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Thread: Car Speed Sensor

  1. #1
    Junior Member
    Join Date
    Oct 2017
    Posts
    11

    Car Speed Sensor

    Hello, i need the wisdom of the smart electronics people. The project is im building a speedo corrector for a car (im basically putting a focus 2ltr zetec engine into a car built in the 70's).

    The car uses a 3 wire sensor which outputs 10v when in front of metal and 0v when non present.
    The issue is i need to take this 10v signal from the sensor get it down to a safe 5v to feed into the MCU (top circuit) then in the Teensy mess with the signal timings and then out put it back to the ecu (bottom circuit) which im guessing is expecting 10v as normally the 10v signal from the speed sensor goes straight to the ecu.

    I got the idea for this project from this site (https://members.rennlist.com/tom8695...r%20Page1.html) but this one uses a Schmitt Trigger which im not sure i need


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    Does the structure of the circuits look good to do the job? i chose to use opto isolators to protect the microcontroller.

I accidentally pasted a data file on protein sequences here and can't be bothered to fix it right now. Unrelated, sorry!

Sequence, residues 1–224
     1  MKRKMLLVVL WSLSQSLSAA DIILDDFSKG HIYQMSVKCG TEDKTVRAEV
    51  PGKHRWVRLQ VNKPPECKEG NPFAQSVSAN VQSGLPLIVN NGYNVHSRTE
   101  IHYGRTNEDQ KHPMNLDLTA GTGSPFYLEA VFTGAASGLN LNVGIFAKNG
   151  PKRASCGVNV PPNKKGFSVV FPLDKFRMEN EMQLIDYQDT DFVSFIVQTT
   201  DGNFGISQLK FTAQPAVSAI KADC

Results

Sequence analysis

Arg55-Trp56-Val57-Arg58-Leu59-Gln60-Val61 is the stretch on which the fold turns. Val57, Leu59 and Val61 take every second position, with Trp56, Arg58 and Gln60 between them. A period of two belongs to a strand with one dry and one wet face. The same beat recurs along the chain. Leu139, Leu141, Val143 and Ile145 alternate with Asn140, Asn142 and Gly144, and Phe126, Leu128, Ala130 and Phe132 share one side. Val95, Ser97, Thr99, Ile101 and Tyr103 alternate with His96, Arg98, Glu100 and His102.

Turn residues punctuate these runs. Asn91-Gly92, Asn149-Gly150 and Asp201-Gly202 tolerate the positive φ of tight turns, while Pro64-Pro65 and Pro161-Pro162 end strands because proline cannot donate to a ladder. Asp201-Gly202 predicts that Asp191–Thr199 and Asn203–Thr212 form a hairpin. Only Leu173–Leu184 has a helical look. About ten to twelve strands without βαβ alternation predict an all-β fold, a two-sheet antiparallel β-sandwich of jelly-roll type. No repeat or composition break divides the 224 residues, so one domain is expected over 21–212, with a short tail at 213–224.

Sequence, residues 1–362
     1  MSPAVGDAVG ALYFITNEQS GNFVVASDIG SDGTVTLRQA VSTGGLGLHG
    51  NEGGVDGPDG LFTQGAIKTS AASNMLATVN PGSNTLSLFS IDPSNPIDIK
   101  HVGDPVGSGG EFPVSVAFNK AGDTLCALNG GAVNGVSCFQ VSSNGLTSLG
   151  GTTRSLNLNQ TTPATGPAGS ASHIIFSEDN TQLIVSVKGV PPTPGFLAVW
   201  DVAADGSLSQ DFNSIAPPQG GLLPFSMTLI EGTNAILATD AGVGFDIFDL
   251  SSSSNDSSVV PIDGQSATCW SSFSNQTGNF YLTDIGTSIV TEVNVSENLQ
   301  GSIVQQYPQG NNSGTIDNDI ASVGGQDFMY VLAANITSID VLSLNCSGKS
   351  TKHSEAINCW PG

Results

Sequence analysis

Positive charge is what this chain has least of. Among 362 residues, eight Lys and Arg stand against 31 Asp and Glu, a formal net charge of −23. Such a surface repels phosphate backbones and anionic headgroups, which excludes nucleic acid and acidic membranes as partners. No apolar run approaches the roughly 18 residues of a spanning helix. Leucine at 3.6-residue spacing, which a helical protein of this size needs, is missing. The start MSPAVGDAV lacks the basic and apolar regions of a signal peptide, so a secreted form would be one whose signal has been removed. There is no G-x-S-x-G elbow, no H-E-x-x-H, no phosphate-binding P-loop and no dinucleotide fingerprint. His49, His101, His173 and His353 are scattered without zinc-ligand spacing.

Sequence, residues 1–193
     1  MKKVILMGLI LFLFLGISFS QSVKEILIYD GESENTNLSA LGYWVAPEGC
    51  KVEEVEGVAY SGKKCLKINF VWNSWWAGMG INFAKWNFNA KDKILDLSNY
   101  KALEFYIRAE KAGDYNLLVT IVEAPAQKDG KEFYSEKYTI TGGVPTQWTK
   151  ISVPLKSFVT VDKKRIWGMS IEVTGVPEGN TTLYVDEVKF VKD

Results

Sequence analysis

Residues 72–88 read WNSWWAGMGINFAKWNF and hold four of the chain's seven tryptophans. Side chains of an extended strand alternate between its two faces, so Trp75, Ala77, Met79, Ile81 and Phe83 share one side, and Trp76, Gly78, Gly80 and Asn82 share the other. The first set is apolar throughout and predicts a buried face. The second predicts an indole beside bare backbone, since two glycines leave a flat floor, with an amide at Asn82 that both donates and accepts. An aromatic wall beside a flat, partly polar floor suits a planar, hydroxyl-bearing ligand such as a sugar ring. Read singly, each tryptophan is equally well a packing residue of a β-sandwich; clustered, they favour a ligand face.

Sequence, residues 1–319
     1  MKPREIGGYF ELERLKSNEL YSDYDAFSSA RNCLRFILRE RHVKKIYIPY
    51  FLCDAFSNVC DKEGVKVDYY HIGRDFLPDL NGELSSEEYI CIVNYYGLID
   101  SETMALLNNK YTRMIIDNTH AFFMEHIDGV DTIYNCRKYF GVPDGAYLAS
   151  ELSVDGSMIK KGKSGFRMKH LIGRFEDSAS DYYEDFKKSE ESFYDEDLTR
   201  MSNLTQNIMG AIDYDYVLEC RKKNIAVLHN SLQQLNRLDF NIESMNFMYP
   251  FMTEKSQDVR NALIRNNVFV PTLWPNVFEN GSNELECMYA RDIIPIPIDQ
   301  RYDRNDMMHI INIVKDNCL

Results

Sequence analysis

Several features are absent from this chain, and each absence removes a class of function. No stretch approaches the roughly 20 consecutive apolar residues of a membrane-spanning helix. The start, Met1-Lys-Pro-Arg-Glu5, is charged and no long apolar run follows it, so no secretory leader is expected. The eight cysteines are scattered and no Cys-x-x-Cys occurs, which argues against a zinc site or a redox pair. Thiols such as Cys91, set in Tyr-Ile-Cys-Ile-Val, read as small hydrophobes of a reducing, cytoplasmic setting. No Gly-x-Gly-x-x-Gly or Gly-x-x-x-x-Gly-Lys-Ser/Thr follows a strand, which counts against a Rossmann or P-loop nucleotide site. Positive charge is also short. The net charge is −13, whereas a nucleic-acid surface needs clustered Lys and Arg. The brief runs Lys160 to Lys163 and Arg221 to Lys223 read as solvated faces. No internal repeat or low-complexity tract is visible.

Many thanks

    Trev

  2. #2
    Senior Member
    Join Date
    Apr 2017
    Posts
    179
    looks reasonable. not sure how you calculated R3 R4 and CS. The chosen values may filter out fast pulse counts. I've got a similar application where my sensor can't ready above ~2300 pules per min with and 1K and 0.1 uF as filtration is too strong. Hence you may need to experiment with those values.

  3. #3
    The issue could be with what kind of output your sensor has, I'd note in the project linked the sensor output is connected to +5V with a pull-up indicating that it's an open-collector output. is your sensor the same/similar?

    Opto isolating is fine, but probably overkill
    If your sensor drives an output to 10V, you could just whack two resistors to divide the voltage down to 3V3, then add a 5V Zener in for protection, that reduces your first circuit to 3 components.
    On your way back to the ecu, you could use a MOSFET rather than an isolator, though you'd have to invert the signal in logic, reducing your second circuit to two components.

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